This book also shows the broad range of Thomas's interests and knowledge. He frequently turns to classical music and language, especially the etymology of key words, to find analogies for order and evolution of ideas. He believes that "rhythmic sounds might be the recapitulation of something else--an earliest memory, a score for the transformation of inanimate random matter in chaos into the improbably ordered dance of living forms." ("The Music of This Sphere") Likewise, words, like "stigmergy," fascinate him because of their "deeply seated, immutable meaning, often hidden, which is the genotype." ("Living Language")
Combining the microscopic and the human is typical of his essays. He is fascinated with technological developments in medicine, but worries in several essays that basic research may consequently be getting too little attention. Other subjects which reappear in later essays include meditations on aging and dying and human paranoia about germs
The final essay, "The World's Biggest Membrane," returns to the premises of the first essay, as he contemplates photographs of the earth from space: "Aloft, floating free beneath the moist, gleaming membrane of bright blue sky, is the rising earth, the only exuberant thing in this part of the cosmos." He goes beyond the famous photographs by comparing the atmosphere to the cell membrane: "To stay alive, you have to be able to hold out against equilibrium, maintain imbalance, bank against entropy, and you can only transact this business with membranes in our kind of world." .He develops this analogy as he describes the evolution of the sky, as "far and away the grandest product of collaboration in all of nature." As in most of his essays, such generalities come to life because he can present so clearly the scientific understandings which underlie them.
It is clear that these essays were written for a general scientific audience, for Thomas is precise in his scientific details and topics, and he offers reference notes for each essay at the end. Yet they are also literary, almost poetic at points, with their explorations into metaphor and image. Although Thomas's voice is present, he has not fully developed persona and voice as he would later. But the loose, almost intuitive but focused organization of his essay format was established.
Perhaps the best description of Thomas's prose style comes from poet Howard Nemerov who finds the essays are "organized on a sort of musical contrapuntal model, something like a passacaglia with melodic variations played over a more or less constant progression in the ground." An idea that might baffle the reader on a first reading would come up again, with "new angles" and "new applications. He notes the "easy and authority of the style," and, of course, the learning and information.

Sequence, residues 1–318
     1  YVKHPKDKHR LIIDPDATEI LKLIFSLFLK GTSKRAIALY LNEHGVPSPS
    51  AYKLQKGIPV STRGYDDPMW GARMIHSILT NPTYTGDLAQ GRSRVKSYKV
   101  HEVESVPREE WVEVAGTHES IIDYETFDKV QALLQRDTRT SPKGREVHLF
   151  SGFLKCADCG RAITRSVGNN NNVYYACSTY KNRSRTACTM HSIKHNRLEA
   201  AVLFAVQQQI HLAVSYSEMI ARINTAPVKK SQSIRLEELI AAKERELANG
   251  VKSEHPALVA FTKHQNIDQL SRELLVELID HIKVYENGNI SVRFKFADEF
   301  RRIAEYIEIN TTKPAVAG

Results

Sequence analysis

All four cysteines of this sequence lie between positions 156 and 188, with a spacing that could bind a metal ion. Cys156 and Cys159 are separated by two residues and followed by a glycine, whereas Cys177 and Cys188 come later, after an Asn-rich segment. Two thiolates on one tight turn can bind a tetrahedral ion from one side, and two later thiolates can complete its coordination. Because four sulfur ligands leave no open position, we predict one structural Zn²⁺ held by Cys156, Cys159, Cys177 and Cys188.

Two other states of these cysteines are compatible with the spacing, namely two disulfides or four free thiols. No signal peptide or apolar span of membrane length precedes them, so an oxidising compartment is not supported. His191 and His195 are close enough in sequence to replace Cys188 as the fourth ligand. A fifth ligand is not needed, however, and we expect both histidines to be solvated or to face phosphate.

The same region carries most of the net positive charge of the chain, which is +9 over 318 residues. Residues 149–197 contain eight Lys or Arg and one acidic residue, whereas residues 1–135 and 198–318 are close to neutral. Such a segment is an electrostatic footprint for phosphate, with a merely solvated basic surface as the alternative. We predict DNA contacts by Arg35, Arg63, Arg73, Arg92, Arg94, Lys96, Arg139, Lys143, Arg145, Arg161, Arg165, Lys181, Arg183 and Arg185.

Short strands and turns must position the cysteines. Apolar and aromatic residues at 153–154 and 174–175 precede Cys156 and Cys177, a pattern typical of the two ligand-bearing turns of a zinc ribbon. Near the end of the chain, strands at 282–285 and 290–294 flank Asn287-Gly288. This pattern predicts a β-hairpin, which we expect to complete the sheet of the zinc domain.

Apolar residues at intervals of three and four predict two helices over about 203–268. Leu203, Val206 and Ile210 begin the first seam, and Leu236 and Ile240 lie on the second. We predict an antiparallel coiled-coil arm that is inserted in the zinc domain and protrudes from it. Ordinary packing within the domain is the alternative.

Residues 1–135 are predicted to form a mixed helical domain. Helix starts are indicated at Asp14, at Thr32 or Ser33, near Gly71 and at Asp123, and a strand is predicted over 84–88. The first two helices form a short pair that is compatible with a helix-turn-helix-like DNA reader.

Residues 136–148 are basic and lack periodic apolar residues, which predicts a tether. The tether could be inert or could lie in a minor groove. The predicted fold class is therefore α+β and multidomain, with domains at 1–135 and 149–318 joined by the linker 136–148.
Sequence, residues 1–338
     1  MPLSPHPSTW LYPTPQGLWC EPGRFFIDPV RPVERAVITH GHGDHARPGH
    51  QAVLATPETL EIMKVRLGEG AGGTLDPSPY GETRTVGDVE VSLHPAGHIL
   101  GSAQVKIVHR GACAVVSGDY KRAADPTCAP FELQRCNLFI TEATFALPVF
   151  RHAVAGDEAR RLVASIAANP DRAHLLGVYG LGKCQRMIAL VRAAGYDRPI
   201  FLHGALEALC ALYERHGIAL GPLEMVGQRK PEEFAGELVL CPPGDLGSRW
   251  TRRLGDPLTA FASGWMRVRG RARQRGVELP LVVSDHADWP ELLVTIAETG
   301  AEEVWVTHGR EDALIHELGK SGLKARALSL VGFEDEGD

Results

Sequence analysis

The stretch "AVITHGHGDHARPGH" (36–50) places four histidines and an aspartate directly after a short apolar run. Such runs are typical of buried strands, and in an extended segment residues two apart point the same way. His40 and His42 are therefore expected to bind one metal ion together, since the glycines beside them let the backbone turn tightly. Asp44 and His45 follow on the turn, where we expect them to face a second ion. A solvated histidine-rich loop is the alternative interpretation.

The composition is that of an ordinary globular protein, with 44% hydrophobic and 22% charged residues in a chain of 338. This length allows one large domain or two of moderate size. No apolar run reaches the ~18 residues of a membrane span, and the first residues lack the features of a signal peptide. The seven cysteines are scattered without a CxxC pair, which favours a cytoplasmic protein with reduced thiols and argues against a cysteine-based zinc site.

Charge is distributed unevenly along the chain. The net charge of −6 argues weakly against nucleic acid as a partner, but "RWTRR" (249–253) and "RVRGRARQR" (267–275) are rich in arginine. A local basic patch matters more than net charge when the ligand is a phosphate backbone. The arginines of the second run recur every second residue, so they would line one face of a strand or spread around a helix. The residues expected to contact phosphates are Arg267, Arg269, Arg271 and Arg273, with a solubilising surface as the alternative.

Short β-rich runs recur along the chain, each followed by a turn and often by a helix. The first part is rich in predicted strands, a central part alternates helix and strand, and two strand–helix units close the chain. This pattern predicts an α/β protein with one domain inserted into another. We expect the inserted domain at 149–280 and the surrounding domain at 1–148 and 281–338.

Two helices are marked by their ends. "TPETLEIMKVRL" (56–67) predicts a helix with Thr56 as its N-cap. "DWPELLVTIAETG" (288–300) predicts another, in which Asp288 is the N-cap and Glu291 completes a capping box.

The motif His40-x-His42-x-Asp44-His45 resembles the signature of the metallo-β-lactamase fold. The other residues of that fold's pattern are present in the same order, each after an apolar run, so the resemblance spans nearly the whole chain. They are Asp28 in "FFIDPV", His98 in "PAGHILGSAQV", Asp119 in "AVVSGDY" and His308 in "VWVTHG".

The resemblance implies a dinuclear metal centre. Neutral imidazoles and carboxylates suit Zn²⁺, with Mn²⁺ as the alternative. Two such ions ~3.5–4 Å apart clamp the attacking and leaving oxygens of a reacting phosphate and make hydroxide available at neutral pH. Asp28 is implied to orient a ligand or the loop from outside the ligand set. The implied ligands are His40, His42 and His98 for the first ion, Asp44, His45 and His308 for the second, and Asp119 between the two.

The Lives of a Cell was well received, and had multiple printings to the present day; within five years it had been translated into eleven languages and sold over 250,000 copies. American reviews were enthusiastic, with Joyce Carol Oates praising his "effortless, beautifully style." Like many other reviewers, she lauded him for transcending and uniting scientific information with a larger vision of man's place in nature. Reviewers particularly noted Thomas's wisdom and optimism; John Updike balked at Thomas's "altruistic view of nature" yet he applauded his "shimmering vision of hope." The book was awarded the National Book Award in 1975, being nominated in both the arts and the sciences categories but finally selected for arts and letters.
Lewis Thomas's second book was another collection of twenty-nine of his New England Journal of Medicine essays published in 1979 as The Medusa and the Snail : More Notes of a Biology Watcher. This book would receive the American Book Award and the Christopher Award.
Thomas's success with his first book increased his authorial confidence, and there are more personal anecdotes and a compelling presence in this volume. Thomas had read the essays of Montaigne for the previous eight years, becoming more comfortable with the essay genre. His readers are now addressed as friends in a conversation, not as scientific colleagues, although his cool reason and interest in science definitely distinguish him from Montaigne. There are no reference notes at the end.